"Therefore I tell you, do not worry about your life, what you will eat or drink; or about your body, what you will wear. Is not life more important than food, and the body more important than clothes? Look at the birds of the air; they do not sow or reap or store away in barns, and yet your heavenly Father feeds them. Are you not much more valuable than they? Who of you by worrying can add a single hour to his life? And why do you worry about clothes? See how the lilies of the field grow. They do not labor or spin. Yet I tell you that not even Solomon in all his splendor was dressed like one of these. If that is how God clothes the grass of the field, which is here today and tomorrow is thrown into the fire, will he not much more clothe you, O you of little faith? So do not worry, saying, 'What shall we eat?' or 'What shall we drink?' or 'What shall we wear?'"
Assertive Living Through Self-Talk

Most people associate assertiveness with aggressiveness. The reason for this is that we often see people who were once passive in their behavior learn to assert themselves. When these people figure out that they have rights, they have a tendency to allow the emotion of anger to rise to the surface as a result of their previous passivity, and they become aggressive. In the end, though, this is not true assertiveness. All of us have tendencies in three different approaches to life: passiveness, aggressiveness, and assertiveness.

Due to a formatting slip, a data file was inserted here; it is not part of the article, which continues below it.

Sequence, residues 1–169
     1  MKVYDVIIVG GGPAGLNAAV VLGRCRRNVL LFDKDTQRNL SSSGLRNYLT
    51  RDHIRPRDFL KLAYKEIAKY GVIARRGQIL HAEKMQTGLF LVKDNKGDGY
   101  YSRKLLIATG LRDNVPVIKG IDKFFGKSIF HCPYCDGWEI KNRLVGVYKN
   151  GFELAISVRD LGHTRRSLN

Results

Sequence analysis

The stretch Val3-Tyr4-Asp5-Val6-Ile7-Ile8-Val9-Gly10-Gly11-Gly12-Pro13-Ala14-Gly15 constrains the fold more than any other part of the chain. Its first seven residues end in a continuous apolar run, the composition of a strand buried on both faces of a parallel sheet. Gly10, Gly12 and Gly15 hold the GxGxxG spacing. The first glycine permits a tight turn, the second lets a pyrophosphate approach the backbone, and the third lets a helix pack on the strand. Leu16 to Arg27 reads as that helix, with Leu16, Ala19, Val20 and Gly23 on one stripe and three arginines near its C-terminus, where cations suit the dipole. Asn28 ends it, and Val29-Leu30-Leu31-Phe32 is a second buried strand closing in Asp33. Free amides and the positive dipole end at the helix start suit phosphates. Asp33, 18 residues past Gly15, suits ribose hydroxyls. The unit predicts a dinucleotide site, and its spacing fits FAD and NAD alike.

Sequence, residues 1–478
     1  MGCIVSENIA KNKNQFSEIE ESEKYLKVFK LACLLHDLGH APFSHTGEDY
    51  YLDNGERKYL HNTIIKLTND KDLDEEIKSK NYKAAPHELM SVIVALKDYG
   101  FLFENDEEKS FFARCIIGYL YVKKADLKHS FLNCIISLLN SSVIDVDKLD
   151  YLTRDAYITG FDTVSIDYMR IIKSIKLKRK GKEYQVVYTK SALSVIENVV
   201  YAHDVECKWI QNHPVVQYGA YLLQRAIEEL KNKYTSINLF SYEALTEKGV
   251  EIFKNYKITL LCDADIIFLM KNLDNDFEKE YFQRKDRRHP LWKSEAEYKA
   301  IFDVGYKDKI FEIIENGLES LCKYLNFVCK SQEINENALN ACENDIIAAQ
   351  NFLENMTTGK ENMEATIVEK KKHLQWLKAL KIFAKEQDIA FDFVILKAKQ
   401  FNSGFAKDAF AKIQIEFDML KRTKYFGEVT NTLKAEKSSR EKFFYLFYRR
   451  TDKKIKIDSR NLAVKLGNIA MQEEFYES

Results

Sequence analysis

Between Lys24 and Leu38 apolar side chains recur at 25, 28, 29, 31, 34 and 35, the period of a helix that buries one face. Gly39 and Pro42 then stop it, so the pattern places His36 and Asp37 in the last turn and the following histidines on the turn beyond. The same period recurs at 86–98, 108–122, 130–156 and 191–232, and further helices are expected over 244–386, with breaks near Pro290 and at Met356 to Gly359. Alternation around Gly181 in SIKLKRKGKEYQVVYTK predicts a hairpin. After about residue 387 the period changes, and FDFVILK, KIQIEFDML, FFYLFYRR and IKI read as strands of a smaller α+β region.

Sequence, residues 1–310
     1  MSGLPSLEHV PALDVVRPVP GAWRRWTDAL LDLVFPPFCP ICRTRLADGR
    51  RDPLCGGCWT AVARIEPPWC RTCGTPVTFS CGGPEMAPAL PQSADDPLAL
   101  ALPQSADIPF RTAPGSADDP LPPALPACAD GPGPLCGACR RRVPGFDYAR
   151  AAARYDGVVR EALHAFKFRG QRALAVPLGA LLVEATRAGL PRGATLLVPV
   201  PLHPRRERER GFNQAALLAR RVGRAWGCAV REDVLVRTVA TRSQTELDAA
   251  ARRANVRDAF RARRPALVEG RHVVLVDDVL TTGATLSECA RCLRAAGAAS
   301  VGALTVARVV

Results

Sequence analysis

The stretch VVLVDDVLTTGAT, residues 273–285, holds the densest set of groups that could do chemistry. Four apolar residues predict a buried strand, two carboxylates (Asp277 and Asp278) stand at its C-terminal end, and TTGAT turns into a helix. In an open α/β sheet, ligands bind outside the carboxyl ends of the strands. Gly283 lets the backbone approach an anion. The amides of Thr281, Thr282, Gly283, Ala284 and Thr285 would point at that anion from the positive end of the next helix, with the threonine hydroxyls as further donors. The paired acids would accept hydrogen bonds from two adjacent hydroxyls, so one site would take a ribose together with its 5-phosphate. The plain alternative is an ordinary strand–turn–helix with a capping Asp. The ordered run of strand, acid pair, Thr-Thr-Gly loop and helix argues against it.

Those who tend to be passive in their approach to life are usually controlled by fear. Their self-talk reflects fear of telling people "no" and standing up for their rights in certain situations. For example:
"I can't tell the waiter that this food was bad. He and the manager will think I'm just trying to get a free meal."
"I can't say no to my boss. I'll get fired."
"I can't tell my friend the truth about her poor choices, because then she won't be my friend anymore."
Those who tend to be aggressive in their approach to life have pent-up anger and resentment and do explode. The aggressive person's self-talk might sound something like:
"This food tastes terrible. I demand a free meal!"
"My boss wants me to do what? He's being totally unreasonable and I have certain rights around here!"
"My friend is being a real jerk, and I'm just going to give her a piece of my mind!"
Assertive living is different. It is not passive or aggressive. It is not motivated by fear or anger. The motivation behind true assertive living is based on the emotion of love. You care enough about yourself and others that you will speak up for your rights, while being careful not to violate other's rights at the same time. The purpose behind assertive living is not to get what you want. Rather, it is a mechanism, a tool that we can use in order to regain a sense of self-control. You are able to act the way that you choose, not react. In the above examples, assertive self-talk might sound something like: